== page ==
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Increased Likelihood of Significant Federal Cannabis Reform Could Clear The Smoke Clouding Trademark Registration for Recreational Marijuana Businesses

By: Jack Avery Gainer

Following what seems to be a common trend[1] among the States, marijuana is now legal for recreational use in Illinois[2]. According to the federal government, however, marijuana remains classified as a Schedule I Substance[3] under the Controlled Substances Act.[4] So what does this mean for new Illinois marijuana business owners seeking trademark protection? For those unfamiliar with trademark law, there exists three main categories of trademark protection: (1) Common law; (2) State Registration; and (3) Federal Registration.

First, common law trademark rights offer narrow protection limited to the geographic area where the mark is used in commerce.[5] Second, state registration generally offers protection throughout an entire state. This level of protection trumps common law trademark rights; however, it does not defeat an assertion of rights associated with a federally registered trademark. Third, a trademark registered with the federal government serves as prima facie evidence of ownership of a mark and provides notice of said ownership to others effective upon registration.[6]

For now, state registration is the highest level of trademark protection available to recreational marijuana business owners seeking protection of their intellectual property rights. To register for federal trademark protection, the United States Patent and Trademark Office (“USPTO”) requires trademarked products to have a legal use in commerce.[7] Under current regulation, it is categorically impossible for recreational marijuana to have a legal use in commerce due to its designation as a Schedule I Substance under the Controlled Substances Act.[8] Despite widespread cries in support of federal decriminalization of recreational marijuana among the States, the federal government has—until recently—failed to make any significant change to existing legislation.

The current federal regulation on trademark protection for recreational marijuana products offers a slew of potential problems such as branding, product identity, accountability, and product quality. One major issue is that marijuana business owners in Illinois, as well as those from other states which have legalized marijuana, are forced to register separately in each state where they want to do business. Going through multiple registration processes is arduous and not something many small business owners in the industry can afford to endure. Thus the industry remains a fraction of what it could be with nationwide decriminalization.

Though wavering[9], the federal government’s grip on the reigns of intellectual property (IP) rights for recreational marijuana is unnecessarily stunting the expansion of what would be a booming industry. Decriminalization would allow recreational marijuana products to become lawful commercial uses, therefore allowing mark owners the opportunity to register for federal trademark protection. With federal trademark protection, it is likely that the recreational marijuana industry will rapidly expand, stimulating the American economy through the addition of jobs and tax revenue.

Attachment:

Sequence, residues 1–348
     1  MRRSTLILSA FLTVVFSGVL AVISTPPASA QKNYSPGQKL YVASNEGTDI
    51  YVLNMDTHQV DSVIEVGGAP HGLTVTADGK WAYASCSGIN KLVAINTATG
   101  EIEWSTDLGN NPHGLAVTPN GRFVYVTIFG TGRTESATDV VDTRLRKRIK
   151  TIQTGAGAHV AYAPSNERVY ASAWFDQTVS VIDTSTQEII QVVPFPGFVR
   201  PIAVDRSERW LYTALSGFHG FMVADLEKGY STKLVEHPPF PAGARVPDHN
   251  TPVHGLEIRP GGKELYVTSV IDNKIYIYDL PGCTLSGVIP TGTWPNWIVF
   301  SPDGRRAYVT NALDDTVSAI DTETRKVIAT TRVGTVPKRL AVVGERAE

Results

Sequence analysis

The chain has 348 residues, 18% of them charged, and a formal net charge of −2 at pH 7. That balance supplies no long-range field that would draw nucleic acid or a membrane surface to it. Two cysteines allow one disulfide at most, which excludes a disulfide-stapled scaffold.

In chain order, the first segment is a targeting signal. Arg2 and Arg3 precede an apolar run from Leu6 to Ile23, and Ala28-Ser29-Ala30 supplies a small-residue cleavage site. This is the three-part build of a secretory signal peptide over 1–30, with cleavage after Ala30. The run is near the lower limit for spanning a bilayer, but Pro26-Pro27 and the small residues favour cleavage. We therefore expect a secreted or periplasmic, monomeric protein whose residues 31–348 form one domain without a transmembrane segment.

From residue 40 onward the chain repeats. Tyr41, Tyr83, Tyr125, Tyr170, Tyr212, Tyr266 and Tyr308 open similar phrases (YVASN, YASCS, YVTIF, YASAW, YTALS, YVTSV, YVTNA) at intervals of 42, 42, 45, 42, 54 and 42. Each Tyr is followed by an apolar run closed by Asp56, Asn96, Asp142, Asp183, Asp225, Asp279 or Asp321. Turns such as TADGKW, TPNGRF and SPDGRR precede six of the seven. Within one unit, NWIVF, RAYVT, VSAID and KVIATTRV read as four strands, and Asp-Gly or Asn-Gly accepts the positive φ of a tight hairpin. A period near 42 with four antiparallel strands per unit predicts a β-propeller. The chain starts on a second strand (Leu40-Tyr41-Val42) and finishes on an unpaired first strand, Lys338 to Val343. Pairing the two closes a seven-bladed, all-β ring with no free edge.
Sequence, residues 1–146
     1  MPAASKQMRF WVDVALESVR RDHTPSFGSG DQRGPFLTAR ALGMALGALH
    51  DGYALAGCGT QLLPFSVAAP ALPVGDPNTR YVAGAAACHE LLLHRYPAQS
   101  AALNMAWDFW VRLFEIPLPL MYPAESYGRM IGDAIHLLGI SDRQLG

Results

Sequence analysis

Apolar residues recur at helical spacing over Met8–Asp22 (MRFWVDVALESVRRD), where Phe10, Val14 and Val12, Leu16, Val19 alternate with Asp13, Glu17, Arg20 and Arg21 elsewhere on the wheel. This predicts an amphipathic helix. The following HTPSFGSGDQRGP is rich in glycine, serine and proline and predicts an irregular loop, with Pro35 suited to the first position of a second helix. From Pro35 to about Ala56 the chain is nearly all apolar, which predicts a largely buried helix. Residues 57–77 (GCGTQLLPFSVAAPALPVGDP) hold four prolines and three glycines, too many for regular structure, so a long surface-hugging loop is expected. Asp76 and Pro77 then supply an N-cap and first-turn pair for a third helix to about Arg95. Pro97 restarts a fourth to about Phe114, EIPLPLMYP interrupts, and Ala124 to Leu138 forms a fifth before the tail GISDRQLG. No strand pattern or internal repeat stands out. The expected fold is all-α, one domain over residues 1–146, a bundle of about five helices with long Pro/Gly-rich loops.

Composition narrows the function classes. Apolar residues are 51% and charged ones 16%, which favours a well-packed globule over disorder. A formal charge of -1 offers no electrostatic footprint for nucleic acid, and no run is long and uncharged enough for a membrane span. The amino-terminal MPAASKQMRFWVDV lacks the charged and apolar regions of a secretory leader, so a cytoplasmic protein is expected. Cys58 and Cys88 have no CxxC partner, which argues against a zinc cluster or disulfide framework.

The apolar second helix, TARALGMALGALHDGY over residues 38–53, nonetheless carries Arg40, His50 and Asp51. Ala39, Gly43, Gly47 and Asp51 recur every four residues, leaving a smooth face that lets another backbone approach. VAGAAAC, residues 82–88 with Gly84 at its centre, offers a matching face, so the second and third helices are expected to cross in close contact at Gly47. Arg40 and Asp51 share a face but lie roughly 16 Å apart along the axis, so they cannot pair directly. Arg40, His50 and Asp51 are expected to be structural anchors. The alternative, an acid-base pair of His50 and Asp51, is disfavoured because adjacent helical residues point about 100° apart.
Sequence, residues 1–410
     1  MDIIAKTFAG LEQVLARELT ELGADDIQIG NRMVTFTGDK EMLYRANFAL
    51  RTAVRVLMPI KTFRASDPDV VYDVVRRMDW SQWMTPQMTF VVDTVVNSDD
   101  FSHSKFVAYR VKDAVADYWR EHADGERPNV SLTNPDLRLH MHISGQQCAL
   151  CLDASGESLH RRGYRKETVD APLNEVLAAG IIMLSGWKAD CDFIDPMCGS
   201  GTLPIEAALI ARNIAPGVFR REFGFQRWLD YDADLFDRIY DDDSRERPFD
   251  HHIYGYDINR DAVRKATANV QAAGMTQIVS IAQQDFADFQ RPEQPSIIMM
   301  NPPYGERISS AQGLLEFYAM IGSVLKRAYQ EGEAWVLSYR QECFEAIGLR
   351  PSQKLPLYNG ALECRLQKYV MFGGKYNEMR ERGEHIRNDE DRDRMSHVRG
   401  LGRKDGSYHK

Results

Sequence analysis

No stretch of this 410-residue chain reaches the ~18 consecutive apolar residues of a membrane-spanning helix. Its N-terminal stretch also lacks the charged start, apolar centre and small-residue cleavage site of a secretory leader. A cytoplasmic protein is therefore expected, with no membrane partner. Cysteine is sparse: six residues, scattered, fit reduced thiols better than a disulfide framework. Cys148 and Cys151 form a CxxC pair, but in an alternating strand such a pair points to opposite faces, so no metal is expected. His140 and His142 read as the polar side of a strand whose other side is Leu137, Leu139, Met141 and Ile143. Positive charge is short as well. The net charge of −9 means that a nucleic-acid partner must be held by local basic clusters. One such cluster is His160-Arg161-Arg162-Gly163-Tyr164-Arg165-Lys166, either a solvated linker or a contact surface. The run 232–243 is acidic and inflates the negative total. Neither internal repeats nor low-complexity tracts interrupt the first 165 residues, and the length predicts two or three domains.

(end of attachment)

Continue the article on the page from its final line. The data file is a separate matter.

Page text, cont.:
Though not always controlling, common sense indicates that marijuana should be declassified as a controlled substance; and it appears that the U.S. Government is finally coming to terms with that.[10] In November 2019, the House Judiciary Committee passed the Marijuana Opportunity Reinvestment and expungement Act of 2019 (“MORE Act”).[11] The MORE Act would declassify cannabis as a federally regulated substance, and among other things, even go so far as to expunge federal marijuana convictions.[12] Specifically, the passage of the MORE Act would result in the removal of cannabis from Schedule I of the Controlled Substances Act. The House of Representatives is set to vote on the MORE Act in September 2020.[13]

The IP rights associated with recreational marijuana businesses deserve federal trademark registration, and it seems the government is beginning to agree. The passage of the MORE Act would be a positive step in the right direction. Until that point, however, IP rights for cannabis will remain in a holding pattern with mark owners limited to filing for state-level trademark protection wherever recreational marijuana use is legal.

[1] See 410 ILCS 705/10-5 (legalizing marijuana for recreational use effective January 1, 2020).

[2] 21 U.S.C. § 812 (2020).

[3] See Karin D. Jones & James M. Shore, Marijuana Regulation § 11.02 (2018).

[4] Id. at § 2.05.

[5] 15 U.S.C. § 1127 (2020) (defining “commerce”).

[6] 15 U.S.C. § 1115(a) (2020).

[7] 15 U.S.C. § 1127. Stating that “[t]he word “commerce” means all commerce which may lawfully be regulated by Congress.”

[8] Drug Scheduling, DEA, (last visited Sept. 6, 2020).

[9] Virginia Wok Marino & Emily Kappers, USPTO Issues Examination Guide on Trademark Applications for Cannabis and Cannabis-Related Goods and Services, The National Law Review (June 11, 2019),

[10] Meredith Deliso, Bill to Decriminialize Marijuana At Federal Level Up For House Vote Next Month, ABC(Aug. 30, 2020, 3:49 PM),

[11] Id.  

[12] Id.

[13] Id.